MG:  Why do you think it would’ve put you off if you thought it was highbrow?

DG: I should think it was probably too difficult to understand.  It’s like Shakespeare, you’ve got to have somebody telling you what it means really, isn’t it?

MG: Yeah.  Would you ever have been embarrassed to read a book because it was too lowbrow?

DG: No, I sometimes start reading it then think, “Why am I reading this rubbish”?  But once I’ve started a book, I finish it and that’s it.

MG:  So it’s about your own feelings about the book.  Not because you’ve ever been embarrassed?

DG: No.

MG:  No.

DG: I’m sometimes embarrassed to pass some of them on that I’ve had passed on to me, but,  I just put them in the bin then!

MG: So when you were at Firth Browns, was that where you worked when you first left school?

DG: Yes.

MG: Was there anybody that you talked to – yes?

DG:  Sorry, I worked in a shop first, ‘cos when, when I left school, me mum took me to Belgium for six weeks.  And when I came back, all the jobs that I thought I wanted were gone.  So I worked at Banners at Fir Vale for, it must’ve been about six months …  And then I got this job at Firth Brown Tools.

MG: Did you like working in the shop?

DG:  [Pause] I was Cashier, so I didn’t see much of the customers. They used to have these things that they pulled along, you know, put the change in.  But I worked in a shop afterwards and I loved working in a shop, yeah.

MG:  But in Firth Brown’s you were in the Wages,

DG: Yes,

MG: And what about your other office staff who worked with you?  Did you talk about books to them at all?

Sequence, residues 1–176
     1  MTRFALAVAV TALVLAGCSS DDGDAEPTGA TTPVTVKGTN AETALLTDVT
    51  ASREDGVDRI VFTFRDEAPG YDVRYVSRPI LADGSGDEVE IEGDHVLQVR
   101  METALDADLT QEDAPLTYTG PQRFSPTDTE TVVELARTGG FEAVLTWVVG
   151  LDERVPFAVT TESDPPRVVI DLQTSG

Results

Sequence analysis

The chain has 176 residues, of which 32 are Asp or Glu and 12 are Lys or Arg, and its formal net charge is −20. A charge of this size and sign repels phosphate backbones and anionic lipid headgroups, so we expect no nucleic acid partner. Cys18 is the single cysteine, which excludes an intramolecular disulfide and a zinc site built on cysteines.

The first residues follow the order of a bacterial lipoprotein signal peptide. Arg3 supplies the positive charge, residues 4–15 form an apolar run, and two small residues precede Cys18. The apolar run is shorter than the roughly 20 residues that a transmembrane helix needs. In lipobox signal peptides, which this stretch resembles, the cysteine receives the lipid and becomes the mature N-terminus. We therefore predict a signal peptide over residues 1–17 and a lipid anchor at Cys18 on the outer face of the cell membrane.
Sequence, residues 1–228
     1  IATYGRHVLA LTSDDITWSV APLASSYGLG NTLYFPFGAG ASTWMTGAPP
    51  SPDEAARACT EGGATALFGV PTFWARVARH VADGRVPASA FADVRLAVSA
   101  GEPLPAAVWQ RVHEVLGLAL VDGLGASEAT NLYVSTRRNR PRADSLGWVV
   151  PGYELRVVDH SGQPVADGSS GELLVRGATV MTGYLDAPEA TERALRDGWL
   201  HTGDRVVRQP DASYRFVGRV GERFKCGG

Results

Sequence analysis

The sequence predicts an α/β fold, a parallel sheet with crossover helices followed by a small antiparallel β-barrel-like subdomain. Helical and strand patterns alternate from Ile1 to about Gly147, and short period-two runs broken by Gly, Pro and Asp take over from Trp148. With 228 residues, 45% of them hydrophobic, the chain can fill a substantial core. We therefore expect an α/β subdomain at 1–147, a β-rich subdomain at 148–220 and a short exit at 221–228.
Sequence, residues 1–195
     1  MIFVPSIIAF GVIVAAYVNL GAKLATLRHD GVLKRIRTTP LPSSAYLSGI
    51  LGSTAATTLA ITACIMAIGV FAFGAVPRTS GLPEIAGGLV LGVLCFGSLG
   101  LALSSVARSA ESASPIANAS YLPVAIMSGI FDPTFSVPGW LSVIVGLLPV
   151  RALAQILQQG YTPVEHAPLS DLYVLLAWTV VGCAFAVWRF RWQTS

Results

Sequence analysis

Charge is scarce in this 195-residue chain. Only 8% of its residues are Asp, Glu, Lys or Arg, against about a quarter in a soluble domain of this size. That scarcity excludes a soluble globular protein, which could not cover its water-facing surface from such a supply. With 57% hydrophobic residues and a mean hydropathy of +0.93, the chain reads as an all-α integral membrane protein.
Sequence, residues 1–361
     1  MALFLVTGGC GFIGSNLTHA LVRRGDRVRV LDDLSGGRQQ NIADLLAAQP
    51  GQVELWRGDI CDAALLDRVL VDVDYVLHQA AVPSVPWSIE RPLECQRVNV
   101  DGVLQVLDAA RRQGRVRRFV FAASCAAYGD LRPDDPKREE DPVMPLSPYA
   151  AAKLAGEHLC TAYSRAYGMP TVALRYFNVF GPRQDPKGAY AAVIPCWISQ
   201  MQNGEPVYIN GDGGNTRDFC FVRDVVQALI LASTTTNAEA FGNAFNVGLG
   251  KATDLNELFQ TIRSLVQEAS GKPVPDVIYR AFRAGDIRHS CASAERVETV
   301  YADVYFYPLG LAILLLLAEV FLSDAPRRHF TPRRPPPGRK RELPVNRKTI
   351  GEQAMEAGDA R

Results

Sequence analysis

DG:  Not really, but, mm, there was only another lady in the office with me and there was about four or five men, and a couple of ladies in the next office. ‘Cos I was working on a Borough Sensormatic Machine.  I don’t know whether you’ve heard of one of those?   Well I suppose it must’ve been like an early computer.  You just used to put the hours in and the wages in and it used to come out printed on this wages sheet.

MG:  So it was demanding work?

DG:   Mm, I suppose so, yes.

MG:  And how long were you there?

DG:  I was there ‘til just before I had my eldest, ‘til I was 22.  So I must’ve been there about six years, six and a half years, yeah.

MG: And when you had your children, did you keep reading?

DG: Yes, Yes, I used to read to them.  I used to read all sorts. [Laughs]

MG:  And did you have books in the house or did you use the library mostly?

DG:  Oh we’ve always had books in the house but I’ve always gone to the library.  This is the first time I haven’t got to the library and it’s only because we pass these books round between us, you know.  I never have time to go to the library now.  And it’s, you know, a case of going up town really.

MG:  Yes. There’s not one that near, is there?